Categories

The collection this block was previously pointing to has been removed. Please select another.


Authors

The collection this block was previously pointing to has been removed. Please select another.
Banged by an Alien Again

Banged by an Alien Again

Delaney Nolan

ibangedanalien (1).png

This story is a response to Amy E Butcher's short story, "Engaging An Alien: A Short Memoir," originally published in PANK, Spring 2012.

Green branches, fish, punk rock—these were all things I missed while I was living in space. For ten long months I slept in a bed that floated. We lived in a silver room moving very rapidly through nothing. We didn't have very much, but only because I'd discovered there was very little I needed. For instance: clothes. I liked to walk around the spaceship naked, to watch my alien watching me, his eyes big as plates.

In that year since he'd picked me up from Earth, my alien and I were swoony in love. There are no flowers in space, there are no heart-shaped boxes of chocolate, but you could see the way he adored me. Ever since he'd brought me out of the world, it had been just like a fairy tale, only the castle has laser guns and the prince is mildly telekinetic. You would not believe what telekinesis can do to sex. I felt I'd been doing it wrong my whole life. I felt re-discovered.

Zipping through space, my alien and I would sometimes visit other planets. The things that I saw. I saw seas of lava a thousand miles wide, belching hot gas. I saw planets that were only cave. I saw one world that orbited a dying blue dwarf and soon it would be swallowed up, too, like it was never even there. I even saw a galaxy that was populated entirely by giraffes.

One time we drove past a pulsar, the spinning stone throwing light. A hot, magnetic scab of star. We were so many miles from the next thing at all I couldn't even imagine the distance.

Eventually, I asked my alien if we could visit Earth. I said, "How about a quick jaunt to the old Solar System? Mine, I mean."

And he said, "Of course."

My alien wasn't worried about me changing my mind. He wasn't worried about me not liking him anymore, or getting cold feet. There is no jealousy in space.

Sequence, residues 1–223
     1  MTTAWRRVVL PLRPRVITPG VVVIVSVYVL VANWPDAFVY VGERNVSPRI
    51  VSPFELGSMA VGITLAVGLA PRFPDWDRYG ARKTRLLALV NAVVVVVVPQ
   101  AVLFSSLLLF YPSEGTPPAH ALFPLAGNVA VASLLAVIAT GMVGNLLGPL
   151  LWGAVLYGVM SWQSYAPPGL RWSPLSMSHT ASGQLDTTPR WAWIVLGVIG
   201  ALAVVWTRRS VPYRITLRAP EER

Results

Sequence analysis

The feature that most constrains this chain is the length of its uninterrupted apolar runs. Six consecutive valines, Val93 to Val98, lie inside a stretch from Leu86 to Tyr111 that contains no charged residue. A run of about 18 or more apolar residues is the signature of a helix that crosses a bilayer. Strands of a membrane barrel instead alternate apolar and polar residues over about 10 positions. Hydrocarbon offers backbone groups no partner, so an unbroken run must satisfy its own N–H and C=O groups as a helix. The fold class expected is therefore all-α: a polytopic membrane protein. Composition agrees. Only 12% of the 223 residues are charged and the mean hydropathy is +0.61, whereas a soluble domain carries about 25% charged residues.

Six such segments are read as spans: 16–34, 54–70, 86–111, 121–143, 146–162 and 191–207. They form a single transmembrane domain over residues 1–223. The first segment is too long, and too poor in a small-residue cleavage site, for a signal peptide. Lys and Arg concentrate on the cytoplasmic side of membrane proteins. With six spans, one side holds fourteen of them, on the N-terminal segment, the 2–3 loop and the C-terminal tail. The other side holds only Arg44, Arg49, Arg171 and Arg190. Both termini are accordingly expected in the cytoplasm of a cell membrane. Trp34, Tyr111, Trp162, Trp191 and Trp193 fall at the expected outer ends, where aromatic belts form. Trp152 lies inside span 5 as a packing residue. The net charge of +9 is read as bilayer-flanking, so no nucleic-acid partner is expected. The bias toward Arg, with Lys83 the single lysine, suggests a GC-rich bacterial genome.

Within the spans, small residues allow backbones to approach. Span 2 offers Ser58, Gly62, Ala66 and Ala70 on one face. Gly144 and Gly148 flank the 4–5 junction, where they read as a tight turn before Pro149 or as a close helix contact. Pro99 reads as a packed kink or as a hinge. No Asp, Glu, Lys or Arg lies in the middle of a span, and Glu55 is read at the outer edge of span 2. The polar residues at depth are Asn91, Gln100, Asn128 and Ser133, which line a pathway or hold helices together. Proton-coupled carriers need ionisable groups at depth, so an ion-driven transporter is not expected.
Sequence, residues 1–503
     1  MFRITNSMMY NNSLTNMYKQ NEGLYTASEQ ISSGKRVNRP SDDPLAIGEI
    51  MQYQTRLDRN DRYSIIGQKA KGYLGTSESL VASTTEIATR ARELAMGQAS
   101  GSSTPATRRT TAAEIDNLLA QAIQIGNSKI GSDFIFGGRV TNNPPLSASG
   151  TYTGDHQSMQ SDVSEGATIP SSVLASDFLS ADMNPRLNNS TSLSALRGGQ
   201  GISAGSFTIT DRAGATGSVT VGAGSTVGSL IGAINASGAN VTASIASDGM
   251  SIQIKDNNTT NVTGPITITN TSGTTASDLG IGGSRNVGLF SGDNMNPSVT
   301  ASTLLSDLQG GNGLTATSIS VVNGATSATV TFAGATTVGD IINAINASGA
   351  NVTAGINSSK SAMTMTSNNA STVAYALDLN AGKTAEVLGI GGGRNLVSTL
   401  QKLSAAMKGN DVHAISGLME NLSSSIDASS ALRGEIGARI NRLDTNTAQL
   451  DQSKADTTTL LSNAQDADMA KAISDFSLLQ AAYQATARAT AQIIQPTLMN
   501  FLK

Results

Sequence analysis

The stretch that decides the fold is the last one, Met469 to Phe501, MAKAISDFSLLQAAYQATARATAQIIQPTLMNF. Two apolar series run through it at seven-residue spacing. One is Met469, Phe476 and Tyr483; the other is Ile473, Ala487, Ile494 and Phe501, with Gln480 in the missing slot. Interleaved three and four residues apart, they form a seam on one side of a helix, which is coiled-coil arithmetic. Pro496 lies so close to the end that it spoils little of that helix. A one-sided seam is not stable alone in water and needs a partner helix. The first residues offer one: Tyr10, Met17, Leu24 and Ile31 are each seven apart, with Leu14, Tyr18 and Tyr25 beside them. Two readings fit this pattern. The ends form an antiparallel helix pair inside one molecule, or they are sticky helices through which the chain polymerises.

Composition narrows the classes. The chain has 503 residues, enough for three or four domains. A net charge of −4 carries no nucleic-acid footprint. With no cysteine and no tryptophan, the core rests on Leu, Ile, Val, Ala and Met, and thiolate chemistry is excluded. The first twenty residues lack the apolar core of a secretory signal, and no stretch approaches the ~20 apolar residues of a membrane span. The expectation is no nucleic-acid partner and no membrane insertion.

My alien wasn't worried about me changing my mind. He wasn't worried about me not liking him anymore, or getting cold feet. There is no jealousy in space. My alien never got jealous. He squeezed my hand, and I squeezed back.

It took us another two weeks to get from where we were back to Earth. We were in a part of the universe that no one's even seen yet; there are no telescopes that could reach us there.

It is quiet, flying a UFO that way, and I would lay my head on my alien's soft strange chest and listen to his eight-chambered heart beat. Thumpthumpthumpthump, thumpthumpthumpthump. Like some clumsy new animal, running. I looked at myself in my alien's clean, mirrored wall. I looked ugly but sometimes, in that year, I liked to look ugly. I bared my teeth to see my yellow gums. I'd let my hair grow out all over my body, my legs. My alien loved me anyway. I crossed my pretty eyes.

I was excited to see Earth again. I had been kind of missing my family, the green lawn in our first home, pink Arkansas dawn; I could hardly remember how to drive to my favorite milkshake chain; there were all these smells of America that I'd never thought to want before. And there was the person I'd said "good night" to on my last evening in the world; he was there, too. The night I left I'd bought him a beer and he'd bought me a beer and we'd been talking, like usual, long and easily. We had been friends for a long time then. We had not kissed. We were joking about the Japanese, their holograms, how nuts are they, and he did not put his hand on my hand. Then I'd left, smiling, and bought a Laffy Taffy for the walk home. And then, on the walk home, I'd met my alien and I'd been invited to go away (to space!), and I had accepted.

I liked to stand at the spaceship porthole and think about him in a blue shirt putting both his hands on my cheeks, which is something he never even did. There isn't any reason to think about it.